Manufacturers of external battery packs are a dime a dozen these days. But that still doesn’t stop any of them from pushing onward with better and more innovative devices. It’s how progress goes, right?
There was no escaping the external batteries at CES 2014, however a number of them caught my attention long enough to take a closer look. The Tylt booth had quite the display of power-related accessories going on. After seeing what they had, I started to wonder why more battery packs didn’t have a built-in charging cable to make life simpler?
While many external battery packs go for grippable, rounded, or meaty designs, the Tylt Energi 5k takes a completely different approach. It’s flat and thin, mirroring the surface area of many of today’s smartphones. This makes the battery very stackable and easy to carry along with other devices in the hand. It also packs well too.
But the primary feature that sets the Tylt Energi 5k apart from much of the competition is the built-in cable for charging devices. While some cables (Nomad ChargeKey) are easy and convenient to keep on hand, most are not. Even a shorter cable ends up as yet another object to remember, and charging won’t happen without it.
The built-in cable lies flush with the edge of the battery, yet easy to snap in and out. It’s long enough where I can connect my smartphone and set it on top or to the side.
Have more than one gadget? The Tylt Energi 5k has a USB output port, letting you charge up an additional device if you happen to have another cable. Or maybe tell your friend you’ll share some juice if they proffer their own cable, right? The battery packs 5200mAh of power and can output up to 3A for two devices at the same time. While this won’t work for tablets, it’ll get the job done for pretty much any other mobile product out there.
In terms of construction, the Tylt Energi 5k is pretty solid despite how light it sits in the hand. I casually threw it across the room just to see what would happen. A few bounces and tumbles left only some scratches. Extreme, maybe, but the last thing I want is something to crack open on pavement if it happens to fall out of my backpack.
Tylt Energi 5k has only one button, which serves for power, charging, and energy indicator. The battery doesn’t have auto detect, so the button needs to be manually pushed to start a charge. It also lets you know the approximate battery level by showing green, orange, or red.
While I appreciate how the Tylt Energi 5k strays from the typical 4-LED indicator for battery life, I wish it would blink when charging. Or something. Although it automatically shuts off when a device is full, you have to check on the progress since the LED stays dark.
Note: Most external battery packs I’ve ever purchased and used came only partially charged, so I’ve always made it a habit to fully charge them before use. I tend to fully charge and discharge a new battery a few times, just so I can level out the charge states of the individual cells. It helps to maximize the battery’s manufacturer-listed potential.
The standard efficiency rating of external battery packs currently on the market is 70%. This means that 30% of the battery’s listed capacity is consumed while charging up devices. So, for example, a standard 1000mAh battery would effectively deliver 700mAh of energy.
After fully charging the Tylt Energi 5k right out of the box, I tested it out with my HTC Evo Shift 4G with the stock 1450mAh battery. The Tylt Energi delivered 314% total charge to the HTC battery, which is equivalent to 4553mAh. So that puts the out-of-the-box efficiency at 87.5%, which is pretty good. Like, really good.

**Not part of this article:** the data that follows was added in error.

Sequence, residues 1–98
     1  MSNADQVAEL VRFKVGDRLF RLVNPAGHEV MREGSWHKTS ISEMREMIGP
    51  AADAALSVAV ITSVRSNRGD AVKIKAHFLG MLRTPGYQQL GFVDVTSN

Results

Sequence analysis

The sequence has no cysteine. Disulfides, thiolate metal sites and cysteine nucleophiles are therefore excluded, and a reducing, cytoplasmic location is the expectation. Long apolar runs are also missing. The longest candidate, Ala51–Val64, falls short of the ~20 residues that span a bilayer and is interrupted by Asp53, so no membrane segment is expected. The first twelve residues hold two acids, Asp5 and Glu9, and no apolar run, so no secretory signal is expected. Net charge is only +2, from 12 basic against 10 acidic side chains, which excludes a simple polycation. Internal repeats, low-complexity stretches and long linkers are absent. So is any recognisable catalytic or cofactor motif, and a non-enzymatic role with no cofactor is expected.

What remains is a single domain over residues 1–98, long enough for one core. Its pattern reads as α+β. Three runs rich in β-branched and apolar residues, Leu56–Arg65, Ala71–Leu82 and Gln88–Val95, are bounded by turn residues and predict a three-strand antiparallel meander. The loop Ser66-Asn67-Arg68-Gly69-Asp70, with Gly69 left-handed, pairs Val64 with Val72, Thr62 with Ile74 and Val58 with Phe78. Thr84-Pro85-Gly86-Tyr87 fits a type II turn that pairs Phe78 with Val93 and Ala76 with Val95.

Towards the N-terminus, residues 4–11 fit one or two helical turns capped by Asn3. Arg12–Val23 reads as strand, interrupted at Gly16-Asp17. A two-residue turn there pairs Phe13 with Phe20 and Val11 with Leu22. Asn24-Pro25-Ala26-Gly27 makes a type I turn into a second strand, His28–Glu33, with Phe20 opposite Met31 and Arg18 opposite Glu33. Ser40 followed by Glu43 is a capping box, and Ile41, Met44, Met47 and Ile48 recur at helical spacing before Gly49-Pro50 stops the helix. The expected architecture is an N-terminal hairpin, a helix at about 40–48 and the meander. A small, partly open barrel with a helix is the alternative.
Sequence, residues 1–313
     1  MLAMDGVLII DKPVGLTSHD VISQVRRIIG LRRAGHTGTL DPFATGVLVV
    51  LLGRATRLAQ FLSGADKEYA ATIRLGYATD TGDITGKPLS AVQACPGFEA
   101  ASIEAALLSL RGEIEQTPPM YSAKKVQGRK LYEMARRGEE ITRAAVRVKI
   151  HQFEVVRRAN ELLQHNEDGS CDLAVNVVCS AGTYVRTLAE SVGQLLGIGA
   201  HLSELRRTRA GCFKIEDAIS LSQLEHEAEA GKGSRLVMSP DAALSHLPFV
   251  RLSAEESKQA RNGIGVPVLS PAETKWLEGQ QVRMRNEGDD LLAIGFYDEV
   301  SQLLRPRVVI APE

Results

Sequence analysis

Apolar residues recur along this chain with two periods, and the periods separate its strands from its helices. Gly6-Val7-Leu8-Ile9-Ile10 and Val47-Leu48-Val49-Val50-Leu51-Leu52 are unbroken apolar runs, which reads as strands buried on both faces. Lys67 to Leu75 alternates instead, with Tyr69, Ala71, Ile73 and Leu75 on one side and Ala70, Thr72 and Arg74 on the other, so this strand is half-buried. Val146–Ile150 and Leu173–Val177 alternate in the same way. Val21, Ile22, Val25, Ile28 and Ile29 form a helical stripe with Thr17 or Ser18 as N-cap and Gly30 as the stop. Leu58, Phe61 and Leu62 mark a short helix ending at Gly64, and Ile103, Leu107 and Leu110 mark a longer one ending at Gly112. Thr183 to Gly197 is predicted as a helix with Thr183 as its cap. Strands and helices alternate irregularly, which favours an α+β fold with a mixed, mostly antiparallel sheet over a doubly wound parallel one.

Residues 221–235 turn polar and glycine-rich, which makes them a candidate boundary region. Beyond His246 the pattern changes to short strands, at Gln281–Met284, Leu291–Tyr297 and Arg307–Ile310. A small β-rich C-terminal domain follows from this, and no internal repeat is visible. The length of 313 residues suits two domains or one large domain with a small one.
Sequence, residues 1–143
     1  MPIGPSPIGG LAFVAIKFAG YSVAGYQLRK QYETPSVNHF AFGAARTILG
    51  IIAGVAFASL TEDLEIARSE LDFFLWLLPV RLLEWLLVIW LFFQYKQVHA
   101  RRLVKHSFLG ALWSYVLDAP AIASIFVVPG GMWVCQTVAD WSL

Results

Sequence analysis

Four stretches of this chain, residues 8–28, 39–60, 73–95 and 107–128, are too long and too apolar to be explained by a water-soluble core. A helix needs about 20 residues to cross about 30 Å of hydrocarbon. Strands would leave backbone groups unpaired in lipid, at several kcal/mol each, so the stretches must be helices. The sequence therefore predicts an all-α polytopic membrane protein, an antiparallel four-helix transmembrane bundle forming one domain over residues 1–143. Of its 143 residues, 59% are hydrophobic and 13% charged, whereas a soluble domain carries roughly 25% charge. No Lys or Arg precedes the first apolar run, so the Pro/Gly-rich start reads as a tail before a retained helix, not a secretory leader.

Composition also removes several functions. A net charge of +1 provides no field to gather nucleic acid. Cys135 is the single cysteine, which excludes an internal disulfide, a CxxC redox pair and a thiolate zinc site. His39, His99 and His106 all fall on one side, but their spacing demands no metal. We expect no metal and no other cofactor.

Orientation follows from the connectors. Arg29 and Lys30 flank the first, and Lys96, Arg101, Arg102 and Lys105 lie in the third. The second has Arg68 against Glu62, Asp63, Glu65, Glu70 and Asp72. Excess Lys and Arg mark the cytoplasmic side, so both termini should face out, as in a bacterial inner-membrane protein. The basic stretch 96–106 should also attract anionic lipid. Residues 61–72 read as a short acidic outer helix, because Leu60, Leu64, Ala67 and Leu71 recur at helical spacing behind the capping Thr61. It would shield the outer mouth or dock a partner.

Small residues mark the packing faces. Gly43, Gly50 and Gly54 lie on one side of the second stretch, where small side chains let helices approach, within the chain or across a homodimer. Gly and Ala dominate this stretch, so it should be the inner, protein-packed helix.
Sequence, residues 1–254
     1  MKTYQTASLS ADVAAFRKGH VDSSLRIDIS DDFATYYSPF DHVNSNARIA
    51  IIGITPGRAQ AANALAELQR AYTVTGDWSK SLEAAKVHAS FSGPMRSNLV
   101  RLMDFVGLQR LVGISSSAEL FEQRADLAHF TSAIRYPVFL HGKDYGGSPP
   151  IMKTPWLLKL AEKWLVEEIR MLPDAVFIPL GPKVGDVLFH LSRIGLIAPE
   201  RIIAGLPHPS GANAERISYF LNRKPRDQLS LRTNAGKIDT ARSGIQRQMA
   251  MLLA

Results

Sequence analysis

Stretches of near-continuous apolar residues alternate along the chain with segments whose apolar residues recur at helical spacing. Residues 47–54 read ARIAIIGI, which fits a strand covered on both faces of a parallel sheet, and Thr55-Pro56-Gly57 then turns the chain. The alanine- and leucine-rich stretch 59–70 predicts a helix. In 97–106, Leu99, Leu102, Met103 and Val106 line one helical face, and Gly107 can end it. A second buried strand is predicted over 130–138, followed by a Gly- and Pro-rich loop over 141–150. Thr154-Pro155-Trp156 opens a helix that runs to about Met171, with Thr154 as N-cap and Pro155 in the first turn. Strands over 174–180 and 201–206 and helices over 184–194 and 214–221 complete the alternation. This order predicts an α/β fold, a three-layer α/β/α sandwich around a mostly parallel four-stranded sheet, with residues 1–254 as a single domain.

The efficiency of the Tylt Energi 5k ranged between 85.1% and 94.2% with each additional cycle, with the average being right around 88.6%. Although inconsistent, the overall performance and output is quite impressive. Shocking, actually, that I set my original testing data aside and started all over again just to come up with similar results.
So what can one do with 4553mAh of battery energy? That’s good for 1.46 full charges to a Samsung Galaxy Note 2 (3100mAh), or 3.16 full charges to an Apple iPhone 5 (1440mAh). A battery like this can certainly carry one throughout an entire day. Those with Apple devices can get the Tylt Energi 5k+, which has a built-in lightning cable.
Overall, the Tylt Energi 5k has a lot of great things going for it. The built-in cable is so extremely handy, and the efficiency rating is positively outstanding. Those two aspects alone honor it as a serious contender for external battery packs. The fact that it’s flat makes it convenient to carry with other mobile devices or packed away in a bag.
The only design criticism, if it could be called that, is the Tylt Energi 5k feels big for its weight. It’s not that dense, though seems it could be made as such. I think a thinner second-generation unit that maintains the construction quality and battery capacity would be great. Either way, 5200mAh of energy in an easy take-anywhere form definitely appeals to my inner minimalist; especially since I don’t have to remember to bring a cable.
The price of the Tylt Energi 5k is a wee bit of a hurdle, especially if you’re looking to get the maximum capacity for the dollar. In the same price range, one can get about 2-3 times the power from a reputable brand. It just won’t have a built-in cable.
There’s nothing overly flashy with the Tylt Energi 5k. No gimmicks. No teeny bulb pretending to be a flashlight. None of that. It’s just a simple battery with a built-in cable that works hard and delivers. This no-nonsense approach totally works for me.